It’s February 2021 and the coronavirus that knocked on the door in late 2019 is still here to cause chaos. As each day passes, new positive cases are emerging all around the world. While there is some recovery rate and strict measures are being duly followed to keep the demonic virus from spreading, a sneaky way the number is going up is through asymptomatic COVID-19 carriers. These are people who are infected by the virus but should show or feel any symptoms. Most of the time, they are clueless that they have been affected. By being asymptomatic, the virus stays under the radar and doesn’t call emergency for tests and medications henceforth.
So, is there a way to identify asymptomatic carriers? Yes.
An artificial intelligence device is doing the talks of having the ability to detect the silent carriers. Researchers at Synergies Intelligent System and the University of Hamburg described the model in a paper for the Scientific Reports journal. They spoke about a machine learning algorithm that can identify asymptomatic carriers of the virus in a moving crowd. How? The said algorithm makes these predictions by analyzing the GPS-tracked moments of the people in a city and the city’s known cases of infection. “With this type of technology, we can quarantine a very small fraction of people – just three to five percent- and pretty effectively reduce the effect of the disease,” says the co-founder of Synergies, Micheal Chang. The beginning of 2021 brought hope for vaccinations along with it. This machine-learning algorithm will not just detect asymptomatic carriers of COVID-19 but also identify superspreaders, those who have infected a disproportionately high amount of people. This will in return help governments and health workers in prioritizing the vaccine dose supply.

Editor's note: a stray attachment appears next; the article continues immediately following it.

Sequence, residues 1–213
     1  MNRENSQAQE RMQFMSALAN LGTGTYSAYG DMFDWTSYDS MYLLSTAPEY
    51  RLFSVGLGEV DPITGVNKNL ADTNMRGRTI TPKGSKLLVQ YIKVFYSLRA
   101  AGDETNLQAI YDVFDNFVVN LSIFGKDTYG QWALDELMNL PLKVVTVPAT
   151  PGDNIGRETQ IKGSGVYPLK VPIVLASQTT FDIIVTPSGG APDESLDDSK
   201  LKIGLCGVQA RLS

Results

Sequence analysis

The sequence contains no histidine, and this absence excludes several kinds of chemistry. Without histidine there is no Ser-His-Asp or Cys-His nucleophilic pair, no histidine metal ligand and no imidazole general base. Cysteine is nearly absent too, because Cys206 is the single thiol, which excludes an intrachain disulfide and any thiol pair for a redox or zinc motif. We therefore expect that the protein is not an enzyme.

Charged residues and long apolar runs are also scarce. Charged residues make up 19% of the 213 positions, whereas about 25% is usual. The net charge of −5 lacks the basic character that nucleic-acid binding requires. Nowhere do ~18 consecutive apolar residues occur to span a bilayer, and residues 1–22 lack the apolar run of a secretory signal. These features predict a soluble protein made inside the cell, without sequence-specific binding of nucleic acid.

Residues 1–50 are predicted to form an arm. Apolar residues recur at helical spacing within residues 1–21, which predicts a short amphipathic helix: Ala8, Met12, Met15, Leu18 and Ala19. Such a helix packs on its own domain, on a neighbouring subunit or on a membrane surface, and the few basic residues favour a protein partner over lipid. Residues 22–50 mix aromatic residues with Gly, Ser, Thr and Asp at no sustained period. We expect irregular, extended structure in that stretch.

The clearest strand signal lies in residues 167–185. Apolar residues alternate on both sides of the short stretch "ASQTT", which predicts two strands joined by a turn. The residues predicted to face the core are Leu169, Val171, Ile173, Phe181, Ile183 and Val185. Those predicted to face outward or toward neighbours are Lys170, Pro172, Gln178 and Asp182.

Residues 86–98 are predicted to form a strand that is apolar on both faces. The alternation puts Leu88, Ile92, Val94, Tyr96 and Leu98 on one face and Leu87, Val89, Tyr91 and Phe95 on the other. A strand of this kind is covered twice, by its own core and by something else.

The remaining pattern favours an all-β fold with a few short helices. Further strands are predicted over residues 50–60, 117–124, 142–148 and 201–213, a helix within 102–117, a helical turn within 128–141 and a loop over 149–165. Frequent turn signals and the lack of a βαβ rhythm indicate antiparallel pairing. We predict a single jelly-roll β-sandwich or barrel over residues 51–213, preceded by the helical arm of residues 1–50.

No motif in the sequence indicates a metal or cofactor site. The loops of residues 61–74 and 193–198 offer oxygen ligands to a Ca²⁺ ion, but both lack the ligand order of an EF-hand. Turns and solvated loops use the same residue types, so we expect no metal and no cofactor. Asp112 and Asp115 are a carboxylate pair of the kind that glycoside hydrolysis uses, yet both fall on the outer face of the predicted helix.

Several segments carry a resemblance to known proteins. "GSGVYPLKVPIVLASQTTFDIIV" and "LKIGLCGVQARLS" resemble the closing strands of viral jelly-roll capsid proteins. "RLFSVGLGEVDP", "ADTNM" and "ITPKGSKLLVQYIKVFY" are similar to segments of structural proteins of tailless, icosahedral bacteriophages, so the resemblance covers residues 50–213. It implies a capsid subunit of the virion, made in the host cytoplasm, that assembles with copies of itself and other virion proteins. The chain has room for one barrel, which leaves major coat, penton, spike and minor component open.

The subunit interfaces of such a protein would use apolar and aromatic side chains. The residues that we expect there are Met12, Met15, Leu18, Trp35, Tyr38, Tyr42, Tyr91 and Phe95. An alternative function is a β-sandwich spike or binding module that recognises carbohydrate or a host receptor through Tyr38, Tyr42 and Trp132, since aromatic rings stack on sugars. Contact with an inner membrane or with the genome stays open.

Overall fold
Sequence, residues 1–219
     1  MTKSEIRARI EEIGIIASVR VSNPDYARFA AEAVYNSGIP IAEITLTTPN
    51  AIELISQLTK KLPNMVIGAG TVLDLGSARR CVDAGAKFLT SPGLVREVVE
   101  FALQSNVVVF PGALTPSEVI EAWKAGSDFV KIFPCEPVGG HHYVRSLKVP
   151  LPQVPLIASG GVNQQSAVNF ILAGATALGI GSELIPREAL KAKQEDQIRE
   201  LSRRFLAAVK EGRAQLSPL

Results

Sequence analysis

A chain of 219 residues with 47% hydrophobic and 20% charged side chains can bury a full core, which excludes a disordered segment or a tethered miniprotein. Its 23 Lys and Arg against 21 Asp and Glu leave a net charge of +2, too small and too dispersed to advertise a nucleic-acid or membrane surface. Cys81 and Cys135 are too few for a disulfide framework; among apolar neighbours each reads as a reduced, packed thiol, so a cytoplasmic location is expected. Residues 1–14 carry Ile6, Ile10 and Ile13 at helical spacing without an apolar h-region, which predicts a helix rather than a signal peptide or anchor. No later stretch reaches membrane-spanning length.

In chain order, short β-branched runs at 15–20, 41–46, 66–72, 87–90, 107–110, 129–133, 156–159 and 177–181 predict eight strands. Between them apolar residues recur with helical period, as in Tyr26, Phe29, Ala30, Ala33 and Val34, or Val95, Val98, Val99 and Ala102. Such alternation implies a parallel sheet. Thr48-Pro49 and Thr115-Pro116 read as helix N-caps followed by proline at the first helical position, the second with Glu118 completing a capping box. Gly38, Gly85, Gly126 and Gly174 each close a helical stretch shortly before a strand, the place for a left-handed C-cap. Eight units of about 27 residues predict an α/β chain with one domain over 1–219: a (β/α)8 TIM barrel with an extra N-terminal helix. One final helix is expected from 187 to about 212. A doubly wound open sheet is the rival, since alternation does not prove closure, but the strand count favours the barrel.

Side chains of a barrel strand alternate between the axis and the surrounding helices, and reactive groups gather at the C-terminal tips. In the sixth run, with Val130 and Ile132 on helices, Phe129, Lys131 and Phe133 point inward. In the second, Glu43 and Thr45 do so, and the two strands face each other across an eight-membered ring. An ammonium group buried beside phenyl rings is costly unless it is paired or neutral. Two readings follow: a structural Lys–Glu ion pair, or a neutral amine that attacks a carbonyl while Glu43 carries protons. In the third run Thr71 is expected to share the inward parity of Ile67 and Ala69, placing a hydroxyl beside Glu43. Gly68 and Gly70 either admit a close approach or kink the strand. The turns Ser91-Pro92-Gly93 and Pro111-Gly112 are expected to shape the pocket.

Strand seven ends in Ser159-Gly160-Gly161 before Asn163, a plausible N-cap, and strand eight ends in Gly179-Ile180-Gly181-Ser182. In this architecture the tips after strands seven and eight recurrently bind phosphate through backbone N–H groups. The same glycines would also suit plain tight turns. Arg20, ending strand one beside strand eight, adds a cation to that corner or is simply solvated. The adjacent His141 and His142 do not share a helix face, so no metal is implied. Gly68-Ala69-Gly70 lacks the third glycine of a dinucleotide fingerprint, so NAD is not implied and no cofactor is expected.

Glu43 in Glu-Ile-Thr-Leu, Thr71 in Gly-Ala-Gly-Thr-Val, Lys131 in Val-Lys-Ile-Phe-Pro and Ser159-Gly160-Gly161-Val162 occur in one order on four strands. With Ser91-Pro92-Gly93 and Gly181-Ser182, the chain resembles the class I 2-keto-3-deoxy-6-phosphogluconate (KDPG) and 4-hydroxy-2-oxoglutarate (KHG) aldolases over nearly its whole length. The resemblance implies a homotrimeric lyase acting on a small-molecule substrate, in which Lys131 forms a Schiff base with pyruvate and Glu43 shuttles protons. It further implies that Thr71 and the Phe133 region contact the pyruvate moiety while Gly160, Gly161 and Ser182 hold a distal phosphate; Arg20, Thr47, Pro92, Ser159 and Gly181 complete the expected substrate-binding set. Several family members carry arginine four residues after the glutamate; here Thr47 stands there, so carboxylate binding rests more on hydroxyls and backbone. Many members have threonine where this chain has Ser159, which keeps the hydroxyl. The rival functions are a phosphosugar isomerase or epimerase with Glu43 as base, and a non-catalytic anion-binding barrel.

What’s The Catch?
This AI tool has one limitation, its operation is heavily based on GPS. The accuracy of this tool depends on people’s choice to use a GPS-based app on their phones. The app can then track the user’s location and record any positive coronavirus test results in that area, nearest to one meter. Jianwei Zhang, a professor at the University of Hamburg says, “The mobile data is also collectible from cellular data. If we could use data other than GPS to build interactive relations between people – for example, by using cameras or indoor localization methods – this would boost the algorithms prediction accuracy.” This is not the first-of-its-kind invention, though. Similar software was used in East Asia to control the spread. But it drew a lot of criticism over the privacy rights of citizens and hence, was not accepted by other regions of the world. According to the authors of the paper, this system is a “continuous learning inference of individual probability.” This model is based on a gradient boost ensemble learning tree model and is updated with real-world data using an individual-directed graph that records the interactions between individuals at a certain time. The machine learning algorithm assesses other data like credit card transactions, public transport data to determine how often people came in contact. Apart from that, this system can factor in mask-wearing, hand washing, and other preventive measures using additional sensors. It can label people based on the disease status, too. Susceptible, quarantined, exposed, infected, hospitalized, and recovered will be the labels that will notify the status of the people during this pandemic.